When I was grocery shopping last, I encountered this thing. Tally is a robot that inventories the products on the shelves. It scoots Roomba like down the aisle, laser scanning bar codes and counting items on the shelves. It does the regular audits, replacing the half-a-dozen crew, who used to do that work. I’m sure one person still manages Tally and most of those stock boys still have to manually restock those shelves, at least for now, but that’s still a lot of shifts that nobody works anymore.
As a life long computer programmer, I marvel at this robotic application. Not from a technological point of view, but that someone had the insight and means to recognize this opportunity. It’s a perfect application. It performs a task that was once labor intensive. It involves almost no customer interaction and does it all, without being intrusive. It moves slowly enough and is small enough that any customer can easily reach around it for anything on the shelves.
Tally isn’t the only robot in the store. Earlier this year, the number of U-Scan registers doubled. Now there are as many of them as there are of the traditional checkout lanes. And their increase is a trend that I don’t see slackening.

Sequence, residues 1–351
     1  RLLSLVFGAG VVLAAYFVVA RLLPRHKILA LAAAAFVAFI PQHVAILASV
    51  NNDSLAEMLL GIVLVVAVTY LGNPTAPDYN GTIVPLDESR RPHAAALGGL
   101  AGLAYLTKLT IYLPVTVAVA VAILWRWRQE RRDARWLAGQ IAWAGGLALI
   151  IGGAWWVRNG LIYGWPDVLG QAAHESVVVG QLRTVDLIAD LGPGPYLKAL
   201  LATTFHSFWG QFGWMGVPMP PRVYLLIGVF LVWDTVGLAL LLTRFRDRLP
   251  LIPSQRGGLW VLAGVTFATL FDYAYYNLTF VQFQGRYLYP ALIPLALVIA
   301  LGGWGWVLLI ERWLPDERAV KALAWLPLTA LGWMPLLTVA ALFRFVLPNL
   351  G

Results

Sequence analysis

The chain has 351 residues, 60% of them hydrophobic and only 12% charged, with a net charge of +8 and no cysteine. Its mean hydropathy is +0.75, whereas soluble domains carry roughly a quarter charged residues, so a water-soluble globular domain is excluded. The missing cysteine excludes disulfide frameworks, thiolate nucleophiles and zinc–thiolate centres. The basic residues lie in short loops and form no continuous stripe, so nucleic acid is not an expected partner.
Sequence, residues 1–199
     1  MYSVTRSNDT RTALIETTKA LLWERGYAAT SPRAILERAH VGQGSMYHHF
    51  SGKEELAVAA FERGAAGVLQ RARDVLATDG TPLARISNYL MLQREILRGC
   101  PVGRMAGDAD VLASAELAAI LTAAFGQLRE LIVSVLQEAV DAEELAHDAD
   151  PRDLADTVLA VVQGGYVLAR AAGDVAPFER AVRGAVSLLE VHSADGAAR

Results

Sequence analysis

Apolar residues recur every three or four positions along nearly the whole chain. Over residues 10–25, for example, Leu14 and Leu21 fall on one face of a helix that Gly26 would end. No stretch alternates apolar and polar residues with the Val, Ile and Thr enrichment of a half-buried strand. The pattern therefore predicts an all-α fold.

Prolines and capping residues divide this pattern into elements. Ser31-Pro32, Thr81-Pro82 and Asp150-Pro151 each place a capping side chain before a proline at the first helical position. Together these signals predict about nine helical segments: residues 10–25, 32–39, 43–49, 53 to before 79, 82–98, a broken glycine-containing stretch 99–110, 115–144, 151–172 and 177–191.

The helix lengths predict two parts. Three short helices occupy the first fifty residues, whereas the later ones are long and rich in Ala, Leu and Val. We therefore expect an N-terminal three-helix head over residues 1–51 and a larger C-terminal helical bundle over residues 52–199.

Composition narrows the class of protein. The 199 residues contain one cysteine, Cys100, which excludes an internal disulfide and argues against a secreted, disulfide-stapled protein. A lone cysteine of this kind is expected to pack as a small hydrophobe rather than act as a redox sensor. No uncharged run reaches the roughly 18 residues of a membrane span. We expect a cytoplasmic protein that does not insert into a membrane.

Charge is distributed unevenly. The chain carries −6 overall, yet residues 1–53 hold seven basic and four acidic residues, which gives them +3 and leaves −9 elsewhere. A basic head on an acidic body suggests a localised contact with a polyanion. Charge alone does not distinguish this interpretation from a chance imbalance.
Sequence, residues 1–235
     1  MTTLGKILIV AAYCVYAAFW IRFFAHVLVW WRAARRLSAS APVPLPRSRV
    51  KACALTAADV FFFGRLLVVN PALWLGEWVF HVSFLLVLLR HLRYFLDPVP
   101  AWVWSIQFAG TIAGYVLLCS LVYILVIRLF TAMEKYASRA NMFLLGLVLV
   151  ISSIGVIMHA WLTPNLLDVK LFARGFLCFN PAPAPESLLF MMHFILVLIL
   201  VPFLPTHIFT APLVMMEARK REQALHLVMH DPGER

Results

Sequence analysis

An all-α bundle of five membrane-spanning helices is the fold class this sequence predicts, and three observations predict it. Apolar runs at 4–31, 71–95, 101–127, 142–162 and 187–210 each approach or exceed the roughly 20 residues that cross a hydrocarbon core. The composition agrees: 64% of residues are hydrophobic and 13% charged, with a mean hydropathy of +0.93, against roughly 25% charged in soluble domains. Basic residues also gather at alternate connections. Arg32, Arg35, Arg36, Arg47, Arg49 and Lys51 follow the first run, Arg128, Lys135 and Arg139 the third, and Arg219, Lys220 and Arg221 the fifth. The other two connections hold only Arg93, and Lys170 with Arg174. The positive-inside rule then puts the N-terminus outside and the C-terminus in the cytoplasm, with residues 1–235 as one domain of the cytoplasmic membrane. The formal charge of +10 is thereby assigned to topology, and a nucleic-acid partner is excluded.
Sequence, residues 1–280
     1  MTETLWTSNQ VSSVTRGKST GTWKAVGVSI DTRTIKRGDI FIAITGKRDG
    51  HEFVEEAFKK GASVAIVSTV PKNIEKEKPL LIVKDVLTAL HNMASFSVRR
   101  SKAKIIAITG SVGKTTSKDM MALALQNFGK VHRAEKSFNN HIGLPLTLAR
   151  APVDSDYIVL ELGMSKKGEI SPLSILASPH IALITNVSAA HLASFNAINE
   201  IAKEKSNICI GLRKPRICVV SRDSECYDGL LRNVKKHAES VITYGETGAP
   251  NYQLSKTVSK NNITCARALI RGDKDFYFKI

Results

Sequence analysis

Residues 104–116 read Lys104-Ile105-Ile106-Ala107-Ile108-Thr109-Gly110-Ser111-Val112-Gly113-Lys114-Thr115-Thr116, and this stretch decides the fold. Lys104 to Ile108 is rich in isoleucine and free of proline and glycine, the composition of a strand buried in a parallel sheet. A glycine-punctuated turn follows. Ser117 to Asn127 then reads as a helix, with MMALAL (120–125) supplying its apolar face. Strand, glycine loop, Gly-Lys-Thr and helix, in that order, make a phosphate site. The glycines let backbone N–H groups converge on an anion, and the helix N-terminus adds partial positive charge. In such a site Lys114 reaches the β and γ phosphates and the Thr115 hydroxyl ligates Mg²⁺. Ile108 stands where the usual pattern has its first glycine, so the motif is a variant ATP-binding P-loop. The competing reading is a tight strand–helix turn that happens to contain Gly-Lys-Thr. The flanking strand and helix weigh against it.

Another recent innovation that doesn’t involve automation, but still helps to facilitate it, is the rise of the professional shopper. I see more and more of these green t-shirted individuals pushing a cart, while consulting an app. These young contractors will do your shopping for you and deliver it to your door, for a fee. They give an easy out to older luddites who cannot fathom all this progress. At least those luddites who can afford this extra service.
In this vein, the liquor aisle likely accounts for an outsized proportion of the stores revenue, all the while being run by only one employee. This is possible because all the vendors do their own stocking. This model is also used in the bread, chips and snacks aisles. I’m sure that the store would like to see more of their other departments also adopt this sales strategy.
Bottom line our store is continually attempting to diminish their workforce. The fact that it is a union workforce is only icing on management’s cake. Now, I don’t expect that our grocery store will ever get to where many big box retailers are now, manned by only two employees. One tied to the register in front, while the other is tasked with doing everything else or maybe trying to hide in back. Working in retail looks like being perched on a precipice, waiting for the fall.